I think it is clear that endorsing and promoting a practice that is contrary to the Talmud, Rishonim and the statements of all known posqim would pretty obviously constitute stepping over the line. I don't think anyone in the Open Orthodox camp could really be confused about that.

I am not suggesting any sort of conscious, deliberate or explicit collusion. I am observing a social trend, the incremental developments manifest in Open Orthodoxy. This is not a grass-roots revolution being organized and directed from a "situation room" at YCT. It is a gradual unfolding of trends fueled by the ideological influence of Open Orthodoxy. Rabbis and laypersons alike are testing the waters to see how far they can push the limits of halakha before they are "pushed back" by or "pushed out" of Orthodoxy.

They are feeding off of one another's initiatives, sometimes consciously, sometimes not. In that sense, I perceive the movement, as a whole, progressing in a certain direction.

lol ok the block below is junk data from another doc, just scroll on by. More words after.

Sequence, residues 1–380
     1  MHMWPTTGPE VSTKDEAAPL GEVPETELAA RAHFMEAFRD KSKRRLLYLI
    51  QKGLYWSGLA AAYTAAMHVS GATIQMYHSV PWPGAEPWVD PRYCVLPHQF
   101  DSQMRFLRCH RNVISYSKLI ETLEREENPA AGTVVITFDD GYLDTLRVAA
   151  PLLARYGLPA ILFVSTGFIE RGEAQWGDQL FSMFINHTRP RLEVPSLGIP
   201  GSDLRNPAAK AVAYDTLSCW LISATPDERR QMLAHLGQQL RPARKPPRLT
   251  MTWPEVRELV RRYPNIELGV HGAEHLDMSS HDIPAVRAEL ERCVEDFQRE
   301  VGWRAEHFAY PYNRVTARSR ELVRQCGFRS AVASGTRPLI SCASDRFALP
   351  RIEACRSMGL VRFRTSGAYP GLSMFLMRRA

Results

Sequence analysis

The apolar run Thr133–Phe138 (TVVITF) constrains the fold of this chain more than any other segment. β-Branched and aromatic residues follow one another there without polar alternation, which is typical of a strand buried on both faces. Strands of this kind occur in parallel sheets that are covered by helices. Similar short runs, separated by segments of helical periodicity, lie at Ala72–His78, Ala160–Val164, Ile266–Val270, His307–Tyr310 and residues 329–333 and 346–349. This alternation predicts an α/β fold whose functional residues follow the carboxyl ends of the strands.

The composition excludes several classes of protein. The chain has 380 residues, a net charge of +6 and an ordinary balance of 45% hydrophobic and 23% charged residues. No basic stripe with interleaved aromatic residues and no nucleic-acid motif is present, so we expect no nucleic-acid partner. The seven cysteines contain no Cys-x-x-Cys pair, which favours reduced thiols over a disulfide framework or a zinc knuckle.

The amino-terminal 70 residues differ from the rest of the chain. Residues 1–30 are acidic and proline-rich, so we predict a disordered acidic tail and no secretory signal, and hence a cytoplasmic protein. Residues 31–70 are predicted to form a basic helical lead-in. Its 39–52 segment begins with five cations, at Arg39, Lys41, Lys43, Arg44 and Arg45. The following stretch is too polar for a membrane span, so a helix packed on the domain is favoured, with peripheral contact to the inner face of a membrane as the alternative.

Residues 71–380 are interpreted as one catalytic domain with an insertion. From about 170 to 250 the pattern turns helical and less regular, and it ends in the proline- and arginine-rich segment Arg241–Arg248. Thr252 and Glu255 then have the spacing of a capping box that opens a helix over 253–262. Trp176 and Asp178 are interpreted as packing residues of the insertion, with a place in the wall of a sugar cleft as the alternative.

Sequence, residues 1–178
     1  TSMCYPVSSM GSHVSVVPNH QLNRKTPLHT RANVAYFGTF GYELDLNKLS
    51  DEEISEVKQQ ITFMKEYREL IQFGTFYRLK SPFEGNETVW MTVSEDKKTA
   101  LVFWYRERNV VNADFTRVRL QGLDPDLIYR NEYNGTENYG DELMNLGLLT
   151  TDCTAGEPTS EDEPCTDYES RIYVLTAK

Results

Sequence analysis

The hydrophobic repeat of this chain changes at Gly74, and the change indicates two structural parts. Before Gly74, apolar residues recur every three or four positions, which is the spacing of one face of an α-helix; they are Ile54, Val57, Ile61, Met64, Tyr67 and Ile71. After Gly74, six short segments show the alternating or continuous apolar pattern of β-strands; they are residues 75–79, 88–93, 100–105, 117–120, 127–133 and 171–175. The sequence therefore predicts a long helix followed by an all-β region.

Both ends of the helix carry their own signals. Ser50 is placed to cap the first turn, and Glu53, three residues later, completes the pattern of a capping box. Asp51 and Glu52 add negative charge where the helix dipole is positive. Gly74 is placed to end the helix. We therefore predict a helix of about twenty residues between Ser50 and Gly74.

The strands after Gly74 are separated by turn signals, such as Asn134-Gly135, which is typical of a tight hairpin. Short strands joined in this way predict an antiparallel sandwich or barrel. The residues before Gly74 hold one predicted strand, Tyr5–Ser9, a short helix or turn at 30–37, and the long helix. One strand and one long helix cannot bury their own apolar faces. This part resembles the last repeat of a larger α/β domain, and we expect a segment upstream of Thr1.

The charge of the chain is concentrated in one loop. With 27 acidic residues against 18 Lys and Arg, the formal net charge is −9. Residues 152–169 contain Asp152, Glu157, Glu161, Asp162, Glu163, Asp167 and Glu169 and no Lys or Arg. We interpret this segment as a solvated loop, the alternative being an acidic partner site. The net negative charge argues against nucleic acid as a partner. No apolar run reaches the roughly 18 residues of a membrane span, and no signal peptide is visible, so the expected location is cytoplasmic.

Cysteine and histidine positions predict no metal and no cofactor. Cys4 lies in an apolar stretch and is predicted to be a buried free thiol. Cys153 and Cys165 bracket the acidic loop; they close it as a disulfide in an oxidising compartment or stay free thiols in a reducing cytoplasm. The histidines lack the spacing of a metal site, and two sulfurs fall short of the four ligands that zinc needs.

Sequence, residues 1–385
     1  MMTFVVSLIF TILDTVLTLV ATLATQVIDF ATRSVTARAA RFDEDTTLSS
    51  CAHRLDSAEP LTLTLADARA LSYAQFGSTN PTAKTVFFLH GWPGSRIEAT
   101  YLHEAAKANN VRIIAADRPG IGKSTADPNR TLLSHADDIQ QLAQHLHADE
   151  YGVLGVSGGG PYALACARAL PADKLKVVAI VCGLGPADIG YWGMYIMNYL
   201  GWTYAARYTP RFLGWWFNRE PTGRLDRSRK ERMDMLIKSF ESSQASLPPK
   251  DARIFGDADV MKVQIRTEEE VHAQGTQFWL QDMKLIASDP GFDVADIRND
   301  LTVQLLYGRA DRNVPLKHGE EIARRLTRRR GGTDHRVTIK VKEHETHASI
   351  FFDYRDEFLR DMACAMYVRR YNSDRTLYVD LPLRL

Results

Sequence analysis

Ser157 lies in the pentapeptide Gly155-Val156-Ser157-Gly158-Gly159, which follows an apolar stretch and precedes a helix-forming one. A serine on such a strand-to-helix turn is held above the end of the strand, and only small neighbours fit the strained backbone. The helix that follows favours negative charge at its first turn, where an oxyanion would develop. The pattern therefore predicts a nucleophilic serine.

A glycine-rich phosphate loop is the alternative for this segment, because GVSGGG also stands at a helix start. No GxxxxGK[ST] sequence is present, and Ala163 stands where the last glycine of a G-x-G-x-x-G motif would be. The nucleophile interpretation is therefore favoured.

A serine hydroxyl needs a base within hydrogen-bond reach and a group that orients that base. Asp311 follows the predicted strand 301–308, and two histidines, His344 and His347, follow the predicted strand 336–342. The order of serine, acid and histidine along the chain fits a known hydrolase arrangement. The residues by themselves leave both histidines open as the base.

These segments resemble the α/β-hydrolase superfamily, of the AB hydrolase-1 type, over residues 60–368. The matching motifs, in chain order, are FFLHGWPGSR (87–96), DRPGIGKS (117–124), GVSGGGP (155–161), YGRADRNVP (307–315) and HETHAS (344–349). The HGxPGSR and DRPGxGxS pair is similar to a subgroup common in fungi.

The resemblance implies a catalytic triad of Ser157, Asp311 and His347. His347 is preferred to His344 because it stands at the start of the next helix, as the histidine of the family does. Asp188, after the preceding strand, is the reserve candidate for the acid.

Richard said...

Do you really think that R. Daniel Sperber is an "essentially unknown scholar"? You may think that he isn't a posek and has no halachic authority, but a subpar scholar he is certainly not.

Rabbi Joshua Maroof said...

I am referring to Mendel Shapiro's responsum in the Edah Journal, not R'Daniel Sperber.

Anonymous said...

With all due respect to you R. Maroof, I do think it is worth reflecting on the extreme postures you take when advocating an issue. It was only a few years ago that you stood in front of the Hebrew Institute of Riverdale and vigorously spoke about the need for women's advancement in the most passionate of ways. Now, a few years later, you speak about women's issues in yet again extreme passion.

While your arguments may have substance to ponder as R. Wolkenfeld pointed out, it is hard to even address them given the overgrown wisteria of excitement, melodrama and exaggeration present.

In an age where what you say can leave an imprint for eternity, or at least until the data file corrupts, I would very humbly suggest rethinking the tone by which you speak. R. Kanefsky did no less in retracting his initial post and it takes a man of true humility to do so in front of the eyes of the Internet. I only say these things because I sincerely believe that you are indeed someone who could be mekabel this, hopefully sensitive reproach, and refine your approach.

Rabbi Joshua Maroof said...